One of the best things about driftwood is that it can be turned into works of art. Considering that driftwood can be free and available naturally, this means you are free to experiment and see if you can produce the best sculptures to decorate your home. How to make driftwood sculptures?
We suggest to read the article “Finding Passion At 60 – Driftwood Artist Joe Treat“. He found his passion late in life and creates awesome sculptures.
To make a driftwood sculpture:
- Prepare The Materials
- Imagine The End Result
- Draw The Pattern
- Cut Out A Rough Shape
- Rasp, File, and Sand
- Prepare For Mounting
- Mounting And Securing The Sculpture
This article shows the step-by-step process of how you can make your own driftwood sculpture for any of your art projects.
Step 1: Prepare The Materials
As a start, understand that making a driftwood sculpture requires you to manipulate and alter the shape of a piece of driftwood, meaning you will need the right tools to do the job.
Fortunately, you do not need high-end tools and equipment. If your driftwood pieces are not big, you only require common hand tools that you can pick up at a local hardware store. You may even have some of these lying around your house.
The most expensive would be a scroll saw. It helps to simplify the sawing process. However, the machine may not be necessary if you work on a small driftwood piece. If you do not want to purchase a scroll saw, consider picking up a mini hacksaw instead.
As a start, prepare the following tools to ensure a smooth driftwood sculpting experience:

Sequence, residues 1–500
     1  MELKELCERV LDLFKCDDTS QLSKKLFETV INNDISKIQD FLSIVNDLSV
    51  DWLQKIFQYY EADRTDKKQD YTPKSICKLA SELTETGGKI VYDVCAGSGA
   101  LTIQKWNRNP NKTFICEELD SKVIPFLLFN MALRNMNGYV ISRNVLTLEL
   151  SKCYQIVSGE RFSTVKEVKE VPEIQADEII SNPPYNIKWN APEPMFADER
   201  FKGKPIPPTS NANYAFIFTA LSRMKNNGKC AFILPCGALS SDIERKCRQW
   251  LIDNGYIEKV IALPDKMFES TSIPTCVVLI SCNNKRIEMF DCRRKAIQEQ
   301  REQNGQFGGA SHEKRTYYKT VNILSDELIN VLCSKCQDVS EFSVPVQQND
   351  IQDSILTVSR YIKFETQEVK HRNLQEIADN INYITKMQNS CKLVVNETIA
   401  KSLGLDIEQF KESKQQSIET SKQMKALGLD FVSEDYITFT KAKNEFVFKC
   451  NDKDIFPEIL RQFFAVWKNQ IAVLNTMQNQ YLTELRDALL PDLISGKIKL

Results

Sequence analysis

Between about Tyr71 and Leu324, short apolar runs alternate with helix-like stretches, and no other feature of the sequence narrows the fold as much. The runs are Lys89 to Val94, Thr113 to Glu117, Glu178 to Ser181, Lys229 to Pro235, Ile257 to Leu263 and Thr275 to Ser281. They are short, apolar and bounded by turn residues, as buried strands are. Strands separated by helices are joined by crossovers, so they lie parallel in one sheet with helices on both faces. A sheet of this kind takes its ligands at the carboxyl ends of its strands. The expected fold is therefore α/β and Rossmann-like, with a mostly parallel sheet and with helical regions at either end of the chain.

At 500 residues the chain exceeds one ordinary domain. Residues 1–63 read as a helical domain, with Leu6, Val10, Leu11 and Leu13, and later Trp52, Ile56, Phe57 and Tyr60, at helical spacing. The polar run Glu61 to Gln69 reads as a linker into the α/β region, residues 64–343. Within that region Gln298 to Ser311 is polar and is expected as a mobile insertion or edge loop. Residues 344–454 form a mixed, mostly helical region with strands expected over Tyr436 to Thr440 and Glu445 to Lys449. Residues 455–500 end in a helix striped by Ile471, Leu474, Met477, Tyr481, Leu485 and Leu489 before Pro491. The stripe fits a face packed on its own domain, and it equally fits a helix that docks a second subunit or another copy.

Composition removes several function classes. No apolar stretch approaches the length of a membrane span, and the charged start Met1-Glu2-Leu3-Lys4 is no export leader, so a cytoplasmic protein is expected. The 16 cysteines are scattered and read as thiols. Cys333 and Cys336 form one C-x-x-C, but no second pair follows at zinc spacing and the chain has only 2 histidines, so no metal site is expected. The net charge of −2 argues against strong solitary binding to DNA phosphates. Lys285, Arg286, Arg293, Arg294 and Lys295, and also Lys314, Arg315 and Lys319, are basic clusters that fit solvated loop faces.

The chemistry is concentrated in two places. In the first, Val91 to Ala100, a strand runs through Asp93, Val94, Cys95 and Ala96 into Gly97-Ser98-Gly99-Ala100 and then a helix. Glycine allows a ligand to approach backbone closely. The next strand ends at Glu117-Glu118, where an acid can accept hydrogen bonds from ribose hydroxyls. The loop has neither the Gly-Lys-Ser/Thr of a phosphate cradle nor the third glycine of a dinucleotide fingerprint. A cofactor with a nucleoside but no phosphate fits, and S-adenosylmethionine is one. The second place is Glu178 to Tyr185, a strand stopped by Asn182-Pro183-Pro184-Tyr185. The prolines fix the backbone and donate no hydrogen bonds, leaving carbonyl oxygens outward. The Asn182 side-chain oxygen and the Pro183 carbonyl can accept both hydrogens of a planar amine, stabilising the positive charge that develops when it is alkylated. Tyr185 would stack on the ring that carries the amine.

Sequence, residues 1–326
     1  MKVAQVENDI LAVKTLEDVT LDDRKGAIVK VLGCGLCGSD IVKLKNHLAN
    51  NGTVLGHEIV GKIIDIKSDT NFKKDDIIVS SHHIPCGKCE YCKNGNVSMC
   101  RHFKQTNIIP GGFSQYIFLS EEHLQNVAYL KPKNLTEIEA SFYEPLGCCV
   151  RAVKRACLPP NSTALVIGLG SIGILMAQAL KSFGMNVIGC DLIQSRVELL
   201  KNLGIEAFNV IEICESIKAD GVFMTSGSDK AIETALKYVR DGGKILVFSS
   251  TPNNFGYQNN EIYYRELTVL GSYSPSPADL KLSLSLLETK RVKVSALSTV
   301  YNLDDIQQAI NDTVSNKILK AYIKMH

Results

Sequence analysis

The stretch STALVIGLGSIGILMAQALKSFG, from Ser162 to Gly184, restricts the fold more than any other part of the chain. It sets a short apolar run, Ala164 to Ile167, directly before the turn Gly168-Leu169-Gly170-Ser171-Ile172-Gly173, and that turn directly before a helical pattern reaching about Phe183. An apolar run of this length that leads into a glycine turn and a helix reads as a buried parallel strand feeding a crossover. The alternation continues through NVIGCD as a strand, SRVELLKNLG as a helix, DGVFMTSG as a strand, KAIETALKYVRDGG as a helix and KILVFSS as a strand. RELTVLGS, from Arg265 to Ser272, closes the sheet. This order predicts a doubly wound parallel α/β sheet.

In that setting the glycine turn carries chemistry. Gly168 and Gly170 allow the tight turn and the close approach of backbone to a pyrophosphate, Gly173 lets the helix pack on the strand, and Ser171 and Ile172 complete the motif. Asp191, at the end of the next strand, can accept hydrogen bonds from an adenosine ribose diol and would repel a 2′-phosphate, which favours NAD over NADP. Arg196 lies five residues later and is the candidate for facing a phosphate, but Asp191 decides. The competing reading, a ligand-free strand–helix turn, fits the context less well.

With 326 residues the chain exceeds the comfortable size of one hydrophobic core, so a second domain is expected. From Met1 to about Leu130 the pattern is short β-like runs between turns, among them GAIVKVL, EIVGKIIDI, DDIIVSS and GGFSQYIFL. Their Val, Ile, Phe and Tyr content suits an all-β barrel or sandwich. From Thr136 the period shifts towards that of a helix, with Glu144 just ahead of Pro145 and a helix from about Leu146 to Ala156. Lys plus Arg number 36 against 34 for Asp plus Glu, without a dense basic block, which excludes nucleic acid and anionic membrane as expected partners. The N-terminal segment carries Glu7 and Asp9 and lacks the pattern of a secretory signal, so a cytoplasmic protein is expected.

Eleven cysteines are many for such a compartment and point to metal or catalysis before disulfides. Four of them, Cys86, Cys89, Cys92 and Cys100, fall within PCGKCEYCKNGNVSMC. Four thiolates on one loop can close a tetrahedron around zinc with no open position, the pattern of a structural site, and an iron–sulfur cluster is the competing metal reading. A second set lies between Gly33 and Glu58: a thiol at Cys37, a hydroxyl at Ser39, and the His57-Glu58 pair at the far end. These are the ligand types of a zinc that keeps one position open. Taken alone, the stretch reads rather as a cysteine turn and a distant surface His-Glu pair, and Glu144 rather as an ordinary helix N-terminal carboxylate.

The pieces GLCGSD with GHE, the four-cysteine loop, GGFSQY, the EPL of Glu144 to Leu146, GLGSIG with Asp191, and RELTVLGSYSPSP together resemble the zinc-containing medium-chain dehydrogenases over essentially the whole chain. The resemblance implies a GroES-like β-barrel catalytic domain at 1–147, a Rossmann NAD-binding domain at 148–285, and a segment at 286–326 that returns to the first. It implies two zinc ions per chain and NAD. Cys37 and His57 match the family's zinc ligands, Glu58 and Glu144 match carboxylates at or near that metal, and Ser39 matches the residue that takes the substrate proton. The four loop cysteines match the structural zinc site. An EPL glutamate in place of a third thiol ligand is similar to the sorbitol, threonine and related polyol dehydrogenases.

- Small Drill Bit
- Scroll Saw
- Files and Rasps
- ¼ inch wooden dowel rod
Another thing you want to consider is treating the driftwood. This ensures the driftwood is sterile and will no longer deteriorate or decay due to microorganisms and other nasties. This will require you to boil and soak your driftwood pieces in bleach solutions.
Step 2: Imagine The End Result
The next step in creating your driftwood sculpture is to look at the piece of driftwood you have in hand and what you can create from it. This may take experience, as not everything that you have imagined can be doable on the piece of driftwood you have in mind.
As a start, you may go to places such as Etsy or Pinterest to get ideas on what sculptures people make from their driftwood. A simple search team’ driftwood sculpture’ should be enough to load your screen with sculpture ideas.
You may be overwhelmed by the type of sculpture artists were about to make from driftwood. The key is to keep it simple, especially if this is your first project. As you improve, you will have the skills, experience, and eyes to imagine a larger, more complicated project.
Step 3: Draw The Pattern
The next step would be to draw out the pattern on a piece of paper. You do not need to go all out and draw with precision rulers like a machinist, but you must sketch out an outline well enough to give your project a proper outline.
As a start, prepare a piece of paper that fits the width and length of your driftwood piece. You may need to cut it out from a larger piece of paper or combine several smaller pieces to achieve this.
Using a pencil, draw out the outline of your project. As you draw, you may be drawn into drawing intricate designs that may be hard to replicate on your wood.
If you are new to driftwood sculpting, it may be prudent to keep the design simple so that you are not overwhelmed with the work later. Once you are done, you may proceed to the next step, cutting the wood.
Step 4: Cut Out A Rough Shape
In this step, you place your driftwood on top of the sketching paper. Then you transfer your sketch to your wood. Use a pencil to do this, and sketch out the outlines clearly.
Once you are done, you may not whip out your saw and start cutting away unwanted parts. If your driftwood piece is larger, you may need to use a scroll saw to do the work unless you do not mind the additional grind of manual sawing. If your wood piece is smaller, you can use a mini hacksaw.